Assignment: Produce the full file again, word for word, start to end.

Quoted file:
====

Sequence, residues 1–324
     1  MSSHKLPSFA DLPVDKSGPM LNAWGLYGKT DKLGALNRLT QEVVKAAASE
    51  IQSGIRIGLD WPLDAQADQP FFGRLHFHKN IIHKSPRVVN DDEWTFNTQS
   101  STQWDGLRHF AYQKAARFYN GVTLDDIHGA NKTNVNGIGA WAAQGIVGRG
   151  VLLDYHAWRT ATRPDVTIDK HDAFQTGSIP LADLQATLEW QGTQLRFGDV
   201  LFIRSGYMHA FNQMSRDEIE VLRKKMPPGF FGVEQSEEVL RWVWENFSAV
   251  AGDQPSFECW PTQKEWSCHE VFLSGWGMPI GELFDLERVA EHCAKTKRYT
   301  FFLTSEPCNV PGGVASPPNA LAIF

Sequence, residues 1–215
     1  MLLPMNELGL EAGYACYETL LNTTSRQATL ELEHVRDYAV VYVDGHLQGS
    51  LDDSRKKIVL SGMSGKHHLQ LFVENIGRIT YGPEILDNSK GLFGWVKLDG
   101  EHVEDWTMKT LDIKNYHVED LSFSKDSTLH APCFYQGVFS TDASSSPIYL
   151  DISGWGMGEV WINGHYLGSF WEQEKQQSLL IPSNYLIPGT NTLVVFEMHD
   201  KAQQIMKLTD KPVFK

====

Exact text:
Sequence, residues 1–324
     1  MSSHKLPSFA DLPVDKSGPM LNAWGLYGKT DKLGALNRLT QEVVKAAASE
    51  IQSGIRIGLD WPLDAQADQP FFGRLHFHKN IIHKSPRVVN DDEWTFNTQS
   101  STQWDGLRHF AYQKAARFYN GVTLDDIHGA NKTNVNGIGA WAAQGIVGRG
   151  VLLDYHAWRT ATRPDVTIDK HDAFQTGSIP LADLQATLEW QGTQLRFGDV
   201  LFIRSGYMHA FNQMSRDEIE VLRKKMPPGF FGVEQSEEVL RWVWENFSAV
   251  AGDQPSFECW PTQKEWSCHE VFLSGWGMPI GELFDLERVA EHCAKTKRYT
   301  FFLTSEPCNV PGGVASPPNA LAIF

Sequence, residues 1–215
     1  MLLPMNELGL EAGYACYETL LNTTSRQATL ELEHVRDYAV VYVDGHLQGS
    51  LDDSRKKIVL SGMSGKHHLQ LFVENIGRIT YGPEILDNSK GLFGWVKLDG
   101  EHVEDWTMKT LDIKNYHVED LSFSKDSTLH APCFYQGVFS TDASSSPIYL
   151  DISGWGMGEV WINGHYLGSF WEQEKQQSLL IPSNYLIPGT NTLVVFEMHD
   201  KAQQIMKLTD KPVFK